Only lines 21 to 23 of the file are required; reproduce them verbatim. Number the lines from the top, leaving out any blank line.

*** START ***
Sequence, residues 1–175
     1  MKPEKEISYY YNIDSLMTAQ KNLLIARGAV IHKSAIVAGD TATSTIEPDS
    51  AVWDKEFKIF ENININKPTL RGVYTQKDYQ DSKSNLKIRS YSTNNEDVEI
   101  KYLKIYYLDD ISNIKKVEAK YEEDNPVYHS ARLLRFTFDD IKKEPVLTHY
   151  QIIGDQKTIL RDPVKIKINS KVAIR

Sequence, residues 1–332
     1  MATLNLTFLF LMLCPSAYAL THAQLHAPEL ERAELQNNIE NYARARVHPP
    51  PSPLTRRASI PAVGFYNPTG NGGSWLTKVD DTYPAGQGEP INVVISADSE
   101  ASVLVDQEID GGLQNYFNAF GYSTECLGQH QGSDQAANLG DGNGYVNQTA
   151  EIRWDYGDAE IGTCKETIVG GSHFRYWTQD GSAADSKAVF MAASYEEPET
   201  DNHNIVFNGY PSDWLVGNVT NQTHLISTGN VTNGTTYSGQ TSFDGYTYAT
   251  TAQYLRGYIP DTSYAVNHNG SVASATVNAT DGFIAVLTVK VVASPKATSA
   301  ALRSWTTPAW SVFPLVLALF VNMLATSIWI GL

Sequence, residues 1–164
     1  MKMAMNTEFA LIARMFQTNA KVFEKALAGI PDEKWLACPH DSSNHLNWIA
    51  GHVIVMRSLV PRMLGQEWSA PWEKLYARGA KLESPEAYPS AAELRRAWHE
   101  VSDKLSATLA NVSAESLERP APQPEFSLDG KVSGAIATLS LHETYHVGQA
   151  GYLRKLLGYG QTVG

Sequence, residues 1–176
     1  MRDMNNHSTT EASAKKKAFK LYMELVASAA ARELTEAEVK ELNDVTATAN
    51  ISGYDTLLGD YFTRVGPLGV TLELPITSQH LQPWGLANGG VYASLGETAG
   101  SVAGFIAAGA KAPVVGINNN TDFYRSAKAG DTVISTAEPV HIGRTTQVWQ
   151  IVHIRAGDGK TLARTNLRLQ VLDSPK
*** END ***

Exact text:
    51  ISGYDTLLGD YFTRVGPLGV TLELPITSQH LQPWGLANGG VYASLGETAG
   101  SVAGFIAAGA KAPVVGINNN TDFYRSAKAG DTVISTAEPV HIGRTTQVWQ
   151  IVHIRAGDGK TLARTNLRLQ VLDSPK